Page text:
Supreme Court: Crack Cocaine Sentencing Guidelines Not Mandatory

The Supreme Court handed down a decision today ruling that Federal courts do not have to follow the sentencing guidelines when sentencing convicted crack cocaine dealers. For years, federal guidelines have made the punishment for possessing large amounts of crack cocaine much harsher than that of powder cocaine. The basic criticism of this disparity is that crack is a largely urban-poor drug and most defendants tend to be minorities from these urban areas where as cocaine is more of a middle to upper class and white drug.

The original intent of such a disparity was, ostensibly, to provide harsher punishments for crack due to the high levels of violence involved in the crack trade. However, a lower appeals court ruled that courts must follow the guidelines strictly. This would prevent judges from considering a persons background and any other mitigating factors when applying a sentence. With such harsh guidelines that tend overly punish minorties it is nice to see, at least, that Judges still have some discretion. Of course, judges will still, largely, follow these guidelines until Congress acts to reduce the suggested mandatory sentences.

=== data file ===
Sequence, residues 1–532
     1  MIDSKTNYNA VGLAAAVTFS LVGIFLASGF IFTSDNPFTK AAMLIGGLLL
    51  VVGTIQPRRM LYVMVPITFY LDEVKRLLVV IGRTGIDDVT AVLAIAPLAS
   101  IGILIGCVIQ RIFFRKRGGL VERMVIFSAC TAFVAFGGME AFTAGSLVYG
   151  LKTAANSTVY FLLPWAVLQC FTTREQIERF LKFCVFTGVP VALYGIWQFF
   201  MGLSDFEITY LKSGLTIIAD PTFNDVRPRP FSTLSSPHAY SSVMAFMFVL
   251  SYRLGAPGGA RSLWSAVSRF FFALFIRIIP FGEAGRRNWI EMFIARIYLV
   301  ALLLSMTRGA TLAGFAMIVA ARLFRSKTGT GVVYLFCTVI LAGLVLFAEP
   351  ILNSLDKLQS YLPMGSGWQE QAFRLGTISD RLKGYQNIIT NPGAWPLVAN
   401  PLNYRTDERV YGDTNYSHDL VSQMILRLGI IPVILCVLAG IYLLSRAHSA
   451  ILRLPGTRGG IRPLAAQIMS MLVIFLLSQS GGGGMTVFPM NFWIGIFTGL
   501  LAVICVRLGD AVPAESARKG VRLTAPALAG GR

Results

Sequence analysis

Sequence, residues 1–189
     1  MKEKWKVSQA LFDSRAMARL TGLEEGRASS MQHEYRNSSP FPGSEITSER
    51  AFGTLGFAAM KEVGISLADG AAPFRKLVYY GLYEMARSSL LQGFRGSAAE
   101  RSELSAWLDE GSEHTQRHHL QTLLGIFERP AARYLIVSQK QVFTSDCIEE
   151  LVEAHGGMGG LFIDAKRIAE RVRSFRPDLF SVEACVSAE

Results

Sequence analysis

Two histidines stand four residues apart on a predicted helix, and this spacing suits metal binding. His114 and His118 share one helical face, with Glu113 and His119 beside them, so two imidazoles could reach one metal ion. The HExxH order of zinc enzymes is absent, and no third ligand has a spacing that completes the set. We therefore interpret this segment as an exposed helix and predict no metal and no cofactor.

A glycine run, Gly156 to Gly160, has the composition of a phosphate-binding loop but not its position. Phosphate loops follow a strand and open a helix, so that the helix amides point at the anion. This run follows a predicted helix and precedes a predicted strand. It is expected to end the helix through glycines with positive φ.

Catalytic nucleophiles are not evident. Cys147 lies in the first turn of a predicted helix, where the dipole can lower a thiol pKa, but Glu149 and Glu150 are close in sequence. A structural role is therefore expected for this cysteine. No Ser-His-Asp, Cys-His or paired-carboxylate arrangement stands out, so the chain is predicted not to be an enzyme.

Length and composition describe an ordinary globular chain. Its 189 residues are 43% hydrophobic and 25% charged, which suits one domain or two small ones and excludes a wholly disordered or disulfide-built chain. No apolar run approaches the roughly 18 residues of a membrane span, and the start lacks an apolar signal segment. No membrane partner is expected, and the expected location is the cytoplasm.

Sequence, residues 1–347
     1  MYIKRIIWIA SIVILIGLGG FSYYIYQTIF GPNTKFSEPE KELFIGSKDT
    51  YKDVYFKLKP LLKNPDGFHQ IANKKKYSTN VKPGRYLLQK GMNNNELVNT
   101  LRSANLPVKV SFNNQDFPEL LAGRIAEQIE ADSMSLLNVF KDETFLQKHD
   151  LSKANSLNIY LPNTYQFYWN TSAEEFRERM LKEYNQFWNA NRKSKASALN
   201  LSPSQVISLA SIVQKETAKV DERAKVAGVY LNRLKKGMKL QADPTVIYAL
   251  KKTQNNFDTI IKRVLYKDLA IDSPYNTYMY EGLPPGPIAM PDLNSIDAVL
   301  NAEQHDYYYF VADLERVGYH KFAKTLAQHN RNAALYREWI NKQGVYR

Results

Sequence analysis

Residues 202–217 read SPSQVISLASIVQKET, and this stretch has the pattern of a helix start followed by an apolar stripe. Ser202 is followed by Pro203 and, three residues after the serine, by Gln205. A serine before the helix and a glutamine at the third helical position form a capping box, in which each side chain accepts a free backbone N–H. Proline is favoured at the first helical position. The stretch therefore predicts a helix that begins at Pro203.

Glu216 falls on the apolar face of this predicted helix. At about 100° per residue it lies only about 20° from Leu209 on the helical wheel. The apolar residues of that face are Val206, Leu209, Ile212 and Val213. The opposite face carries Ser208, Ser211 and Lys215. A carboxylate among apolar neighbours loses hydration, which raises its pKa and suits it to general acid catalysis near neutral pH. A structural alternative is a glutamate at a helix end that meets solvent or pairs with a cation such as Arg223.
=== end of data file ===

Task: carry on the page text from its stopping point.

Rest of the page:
A previous post on sentencing guidelines can be found here.

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